I’m very proud of my brother Gordon Smith, who stepped up to serve Gov. Janet Mills as Maine’s director of opioid response. Gordon is very excited about this opportunity, although it is a very great challenge.

Gordon has led the Maine Medical Association for many years so he is very familiar with this problem, and he and Gov. Mills have already created an ambitious plan to tackle the problem.

In her announcement, the governor said, “History will note that we have abandoned an entire generation of people to the opioid epidemic in our failure to treat this preventable disease. It is time to mobilize state government to stem this deadly tide.

“Gordon Smith is an incredibly experienced, qualified public health expert. I trust his ability to knock down the silos between state agencies to ensure every branch of government is working together to combat the opioid crisis and protect Maine families.”

Gordon said, “While the opioid epidemic will not be eradicated by any single approach, with a spirited effort and coordination among Maine’s state government agencies, we can save the lives and improve the health of our state. I am incredibly thankful to Gov. Mills for the opportunity to lead such meaningful work and I look forward to working with her cabinet and community members across the state to get it done.

“Maine has not fared as well as other New England states in part because our state response has been anemic,” said Gordon. “While we have made progress in decreasing the amount of opioids prescribed for pain, in almost every other category we are behind other states. And while we frequently refer to the problem as a crisis, I recall quite vividly giving my first educational talk to physicians about the problems of OxyContin getting into rural Maine in 2002.

“My point is, this problem has been with us a long time and it will not be eradicated with any single approach.”

Not long after that initial press conference, Gordon and Gov. Mills outlined their initial plan, which includes a variety of actions from the purchase of 34,000 units of the lifesaving anti-overdose medication naloxone to the training of 250 recovery coaches and a full-time recovery coach in 10 emergency departments across the state to facilitate the movement of more people into treatment programs.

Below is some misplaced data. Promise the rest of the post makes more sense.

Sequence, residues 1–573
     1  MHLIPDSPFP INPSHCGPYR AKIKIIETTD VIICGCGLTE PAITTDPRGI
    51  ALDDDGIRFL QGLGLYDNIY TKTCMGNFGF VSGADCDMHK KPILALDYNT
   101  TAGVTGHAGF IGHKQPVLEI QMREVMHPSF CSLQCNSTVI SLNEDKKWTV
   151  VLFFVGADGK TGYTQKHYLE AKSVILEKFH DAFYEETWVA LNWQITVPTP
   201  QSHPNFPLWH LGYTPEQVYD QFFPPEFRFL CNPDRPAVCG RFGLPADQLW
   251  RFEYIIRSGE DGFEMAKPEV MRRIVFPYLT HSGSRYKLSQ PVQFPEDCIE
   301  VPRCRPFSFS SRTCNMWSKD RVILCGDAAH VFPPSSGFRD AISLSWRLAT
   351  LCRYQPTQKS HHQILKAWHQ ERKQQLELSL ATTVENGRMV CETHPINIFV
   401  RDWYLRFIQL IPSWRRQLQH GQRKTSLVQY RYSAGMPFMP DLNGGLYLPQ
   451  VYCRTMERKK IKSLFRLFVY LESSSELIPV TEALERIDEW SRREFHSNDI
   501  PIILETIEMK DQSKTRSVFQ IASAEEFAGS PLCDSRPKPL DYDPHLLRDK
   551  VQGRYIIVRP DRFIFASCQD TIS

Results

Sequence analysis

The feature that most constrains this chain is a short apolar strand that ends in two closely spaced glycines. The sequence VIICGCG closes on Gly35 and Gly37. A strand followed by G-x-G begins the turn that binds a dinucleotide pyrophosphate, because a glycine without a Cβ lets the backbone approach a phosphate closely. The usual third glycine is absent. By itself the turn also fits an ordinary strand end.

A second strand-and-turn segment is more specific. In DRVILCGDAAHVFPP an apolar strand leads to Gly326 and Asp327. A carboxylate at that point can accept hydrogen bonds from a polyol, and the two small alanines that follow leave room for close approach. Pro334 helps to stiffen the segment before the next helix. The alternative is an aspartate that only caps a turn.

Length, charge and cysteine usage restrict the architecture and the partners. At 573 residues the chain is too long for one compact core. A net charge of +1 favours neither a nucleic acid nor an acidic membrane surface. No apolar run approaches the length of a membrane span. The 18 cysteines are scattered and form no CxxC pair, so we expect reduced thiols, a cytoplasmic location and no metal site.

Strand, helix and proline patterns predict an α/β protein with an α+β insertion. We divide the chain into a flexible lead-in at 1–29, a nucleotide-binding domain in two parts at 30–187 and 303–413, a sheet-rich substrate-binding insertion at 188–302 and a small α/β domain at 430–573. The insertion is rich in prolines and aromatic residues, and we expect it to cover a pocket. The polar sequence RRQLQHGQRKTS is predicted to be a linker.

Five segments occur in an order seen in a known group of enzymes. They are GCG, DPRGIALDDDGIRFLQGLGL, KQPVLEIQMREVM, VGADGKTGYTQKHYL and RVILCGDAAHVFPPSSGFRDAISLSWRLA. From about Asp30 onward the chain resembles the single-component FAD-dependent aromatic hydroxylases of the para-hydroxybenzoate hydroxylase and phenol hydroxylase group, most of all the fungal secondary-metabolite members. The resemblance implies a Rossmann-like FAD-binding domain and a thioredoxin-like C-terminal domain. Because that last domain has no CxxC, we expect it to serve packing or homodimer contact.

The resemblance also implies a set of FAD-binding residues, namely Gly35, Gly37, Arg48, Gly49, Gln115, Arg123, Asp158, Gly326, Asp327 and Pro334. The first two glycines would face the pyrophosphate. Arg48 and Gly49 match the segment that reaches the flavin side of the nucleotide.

I read through their plan several times and have been impressed by how quickly they pulled together this comprehensive approach including everything from improved training and awareness for health care professionals to targeted prevention programs in high risk areas and school-age children. Expanded access to treatment is also a critical factor.

I’ve also been impressed with the governor’s first budget. I wondered how she was going to tackle all of her ambitious plans without raising taxes but she managed to do that.

I especially appreciate her determination to fulfill the state’s obligations to provide our communities with revenue sharing and better school funding. She can’t get it all done immediately but she has started us down that important road.

Right now we raise more money from the property tax then we do from the income tax or the sales tax and that is just a wrong way to raise money.

Gov. Mills and Judy Camuso, the new inland fisheries & wildlife commissioner, visited with me at my Mount Vernon home in early February to talk about outdoor issues. My friends Ed Pineau and James Cote joined us, and the governor brought lunch for all of us.

We spent a couple of hours visiting — and shared a lot of laughter. We discussed our hopes for IF&W improvements and initiatives. I had shared with Gov. Mills and the commissioner my own list — four pages of suggestions.

We talked about all of my suggestions, as well as the commissioner’s very ambitious list of initiatives. It was great to see that the governor is fully supportive of Judy and her initiatives. The next few years are going to be exciting!

Gov. Mills surprised me at the end of our talk when she presented me with her very first State of Maine proclamation. The proclamation included a list of things that I have accomplished in my career, from my work at the Sportman’s Alliance of Maine to my service at the local level and my writing.

At the end of the proclamation were these words:

“Whereas, George Smith’s love and respect for our natural resources and for his native state of Maine is unsurpassed; and

“Whereas, the people of the state of Maine likewise hold George Smith in the highest regard;

“Now, therefore, be it resolved that I, Janet T. Mills, Governor of the State of Maine, do hereby declare gratitude to George Smith for decades of service to Maine through his advocacy for the outdoors, natural resources, and rural economy.”

The proclamation was signed by Gov. Mills and Secretary of State Matthew Dunlap. This was so generous and unexpected — and yes, it made my day!

George Smith can be reached at 34 Blake Hill Road, Mount Vernon 04352, or [email protected] Read more of Smith’s writings at www.georgesmithmaine.com.

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